When you know what you must do, but don’t do it

When you know what you must do, but don’t do it, there are several possible reasons.

You are afraid. (It’s physically intimidating, or just a step too big out of your comfort zone.)

It’s risky. (You might get injured, ridiculed, lose money.)

You don’t believe you can succeed, or that the thing you must do will work for you (even if it works for others).

So you dig in — say no — and stay in your comfort zone, even if it’s clearly uncomfortable.

Any time we decide to change (a habit, a thought pattern, the way we speak, how we spend our money), RESISTANCE rears up.

We are creatures of comfort.

We don’t like being shaken out of our way of living and being, even if all the evidence is saying we need to change.

Having resisted change at various points in my life, I have learned that the best way to overcome resistance is to TAKE ACTION.

Or as Susan Jeffers says: Feel the fear and do it anyway.

It’s easier said than done.

When I’m at the dojo and the instructor asks me to do something physically challenging, my first instinct is to back away in trepidation. Someone else can go first. I’ll watch, because my mind needs time to process what I’m being asked to do.

At the root of my reluctance is a fear of injury.

Who will do the school drop-off and pick-up if I can’t drive?

Who will look after the kids and the house?

How will I run my coaching practice?

And beneath the fear of injury is a lack of TRUST.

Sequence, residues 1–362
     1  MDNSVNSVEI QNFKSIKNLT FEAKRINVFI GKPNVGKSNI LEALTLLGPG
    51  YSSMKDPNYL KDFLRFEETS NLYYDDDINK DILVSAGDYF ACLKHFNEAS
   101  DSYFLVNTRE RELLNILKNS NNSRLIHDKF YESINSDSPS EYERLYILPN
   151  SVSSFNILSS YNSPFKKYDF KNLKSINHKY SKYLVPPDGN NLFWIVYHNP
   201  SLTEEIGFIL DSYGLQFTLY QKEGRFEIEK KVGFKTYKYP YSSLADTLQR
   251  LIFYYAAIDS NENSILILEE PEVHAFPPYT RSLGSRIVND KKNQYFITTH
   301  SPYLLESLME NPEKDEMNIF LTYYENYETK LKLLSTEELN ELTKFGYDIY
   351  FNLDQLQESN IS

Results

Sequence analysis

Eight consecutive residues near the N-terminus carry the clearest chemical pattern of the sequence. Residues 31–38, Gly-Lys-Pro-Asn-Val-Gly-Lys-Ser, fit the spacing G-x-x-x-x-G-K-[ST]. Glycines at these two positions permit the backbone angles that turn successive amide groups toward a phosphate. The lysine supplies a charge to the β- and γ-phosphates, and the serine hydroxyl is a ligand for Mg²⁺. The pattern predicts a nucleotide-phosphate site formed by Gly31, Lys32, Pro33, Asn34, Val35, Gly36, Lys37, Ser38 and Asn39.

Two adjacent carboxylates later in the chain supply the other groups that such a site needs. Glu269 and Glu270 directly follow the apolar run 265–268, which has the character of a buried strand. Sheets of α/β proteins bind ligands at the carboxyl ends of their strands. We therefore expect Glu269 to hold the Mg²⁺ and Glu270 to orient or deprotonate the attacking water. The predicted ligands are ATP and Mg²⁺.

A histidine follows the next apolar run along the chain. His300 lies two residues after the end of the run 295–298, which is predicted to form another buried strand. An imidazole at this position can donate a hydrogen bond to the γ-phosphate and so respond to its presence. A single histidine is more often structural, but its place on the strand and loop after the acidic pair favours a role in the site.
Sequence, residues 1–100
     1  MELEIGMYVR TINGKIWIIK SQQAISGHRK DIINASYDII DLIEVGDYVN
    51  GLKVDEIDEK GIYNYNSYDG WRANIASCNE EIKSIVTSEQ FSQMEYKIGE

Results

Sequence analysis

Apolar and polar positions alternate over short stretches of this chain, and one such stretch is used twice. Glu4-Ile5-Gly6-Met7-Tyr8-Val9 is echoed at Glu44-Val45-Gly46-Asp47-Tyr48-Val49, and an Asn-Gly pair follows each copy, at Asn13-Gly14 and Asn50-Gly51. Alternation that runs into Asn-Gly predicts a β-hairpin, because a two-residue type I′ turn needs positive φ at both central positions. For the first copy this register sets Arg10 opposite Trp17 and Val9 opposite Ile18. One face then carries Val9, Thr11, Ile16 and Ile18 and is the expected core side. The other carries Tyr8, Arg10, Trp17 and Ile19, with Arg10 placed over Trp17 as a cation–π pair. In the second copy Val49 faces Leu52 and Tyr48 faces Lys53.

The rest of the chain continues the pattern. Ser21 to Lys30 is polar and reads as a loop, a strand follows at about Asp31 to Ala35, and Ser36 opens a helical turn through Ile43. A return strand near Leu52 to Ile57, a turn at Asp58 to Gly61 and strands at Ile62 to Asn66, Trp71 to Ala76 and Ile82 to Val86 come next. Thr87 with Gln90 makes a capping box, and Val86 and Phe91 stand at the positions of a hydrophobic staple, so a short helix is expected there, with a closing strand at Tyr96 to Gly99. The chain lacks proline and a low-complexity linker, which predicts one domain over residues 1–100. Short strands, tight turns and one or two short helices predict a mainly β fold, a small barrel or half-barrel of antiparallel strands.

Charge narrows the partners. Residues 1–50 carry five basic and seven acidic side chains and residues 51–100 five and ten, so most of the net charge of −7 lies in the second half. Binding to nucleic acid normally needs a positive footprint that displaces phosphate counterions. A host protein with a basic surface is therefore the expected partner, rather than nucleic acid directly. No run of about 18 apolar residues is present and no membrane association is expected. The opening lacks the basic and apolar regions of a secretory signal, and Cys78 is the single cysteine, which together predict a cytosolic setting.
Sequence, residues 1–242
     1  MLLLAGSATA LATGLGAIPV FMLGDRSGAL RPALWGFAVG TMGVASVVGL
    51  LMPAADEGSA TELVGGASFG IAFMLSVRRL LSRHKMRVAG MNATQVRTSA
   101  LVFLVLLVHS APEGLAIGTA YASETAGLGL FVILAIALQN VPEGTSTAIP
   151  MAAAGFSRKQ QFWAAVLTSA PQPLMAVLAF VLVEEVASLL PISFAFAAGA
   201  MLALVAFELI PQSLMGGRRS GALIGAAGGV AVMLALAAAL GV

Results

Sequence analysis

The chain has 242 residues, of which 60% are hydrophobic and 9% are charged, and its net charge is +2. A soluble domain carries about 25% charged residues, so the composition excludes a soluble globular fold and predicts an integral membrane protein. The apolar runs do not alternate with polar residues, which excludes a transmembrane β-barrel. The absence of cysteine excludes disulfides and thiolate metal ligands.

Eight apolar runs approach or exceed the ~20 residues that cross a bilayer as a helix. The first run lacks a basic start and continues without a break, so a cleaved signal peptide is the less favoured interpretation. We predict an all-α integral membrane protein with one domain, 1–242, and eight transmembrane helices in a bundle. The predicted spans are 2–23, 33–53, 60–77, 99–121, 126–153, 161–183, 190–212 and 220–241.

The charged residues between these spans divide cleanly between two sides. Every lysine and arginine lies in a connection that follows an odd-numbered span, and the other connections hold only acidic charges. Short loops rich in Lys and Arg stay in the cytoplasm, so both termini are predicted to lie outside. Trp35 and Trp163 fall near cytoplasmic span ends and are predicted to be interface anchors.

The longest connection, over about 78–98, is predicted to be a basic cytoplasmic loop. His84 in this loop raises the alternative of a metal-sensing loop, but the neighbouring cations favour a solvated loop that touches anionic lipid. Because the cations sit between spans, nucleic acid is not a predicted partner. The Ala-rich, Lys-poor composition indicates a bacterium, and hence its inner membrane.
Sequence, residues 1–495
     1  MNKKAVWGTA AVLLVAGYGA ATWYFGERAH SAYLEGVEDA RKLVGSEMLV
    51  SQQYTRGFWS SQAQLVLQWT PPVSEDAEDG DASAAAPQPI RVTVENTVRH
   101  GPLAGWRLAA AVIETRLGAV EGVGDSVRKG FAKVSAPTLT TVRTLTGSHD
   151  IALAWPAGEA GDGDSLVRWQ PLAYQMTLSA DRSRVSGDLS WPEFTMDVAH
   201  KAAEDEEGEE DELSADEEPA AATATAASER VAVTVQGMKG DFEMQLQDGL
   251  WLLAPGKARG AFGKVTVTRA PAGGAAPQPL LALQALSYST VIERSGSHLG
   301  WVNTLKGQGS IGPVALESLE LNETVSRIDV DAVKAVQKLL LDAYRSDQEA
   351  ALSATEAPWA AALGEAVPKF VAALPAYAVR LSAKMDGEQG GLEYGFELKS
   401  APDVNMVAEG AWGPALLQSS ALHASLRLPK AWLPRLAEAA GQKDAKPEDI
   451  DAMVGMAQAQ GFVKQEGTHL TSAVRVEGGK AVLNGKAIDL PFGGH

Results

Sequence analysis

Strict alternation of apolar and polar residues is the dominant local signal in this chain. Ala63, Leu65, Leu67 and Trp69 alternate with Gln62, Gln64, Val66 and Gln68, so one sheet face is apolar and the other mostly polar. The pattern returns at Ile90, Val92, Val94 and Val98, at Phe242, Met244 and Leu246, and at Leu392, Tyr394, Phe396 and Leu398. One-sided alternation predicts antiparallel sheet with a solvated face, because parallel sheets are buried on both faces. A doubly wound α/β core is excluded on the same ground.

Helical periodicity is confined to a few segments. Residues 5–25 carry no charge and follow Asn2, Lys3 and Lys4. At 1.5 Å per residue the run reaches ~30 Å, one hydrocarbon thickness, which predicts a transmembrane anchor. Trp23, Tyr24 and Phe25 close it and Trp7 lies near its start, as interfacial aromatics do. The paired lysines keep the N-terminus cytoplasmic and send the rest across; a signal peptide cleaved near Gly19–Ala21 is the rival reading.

I don’t trust that my body will know the right thing to do. (I’m too clumsy,  uncoordinated, too old.)

I don’t trust that my partner will support me correctly. (What if they let go of me when I’m not ready?)

I don’t trust that if this doesn’t work out, it’s not the end of the world. (I will also learn something useful. And if I do succeed, imagine how empowered I will feel!)

As an introvert, I have a tendency to overthink everything.

I am learning that we often intuitively know the right thing to do, but are afraid to listen to our intuition.

We feel safe (and clever!) when we can reason things out and persuade ourselves and others why we should or shouldn’t act in a particular way.

But we are more than creatures of logic. We are also emotional, intuitive, and spiritual, connected to the Divine in a powerful way because we are after all made in God’s image.

Resistance comes from Ego (“Edging God Out”, as I heard someone once say) — wanting to be in control, wanting certainty, wanting a guarantee of safety and success before stepping out.

The opposite – Trust, Faith, Surrender, Flow – comes from the heart.

Different approaches. Different results.

Next time you feel resistance to a new idea or a challenging activity, acknowledge that it’s coming from your ego (which is trying to keep you safe), and then do the thing that is hard to do.

Keep practising letting your Trust exceed your Fear.

There is no shortcut, and it may take a lifetime, but you will grow as a person if you stick to it.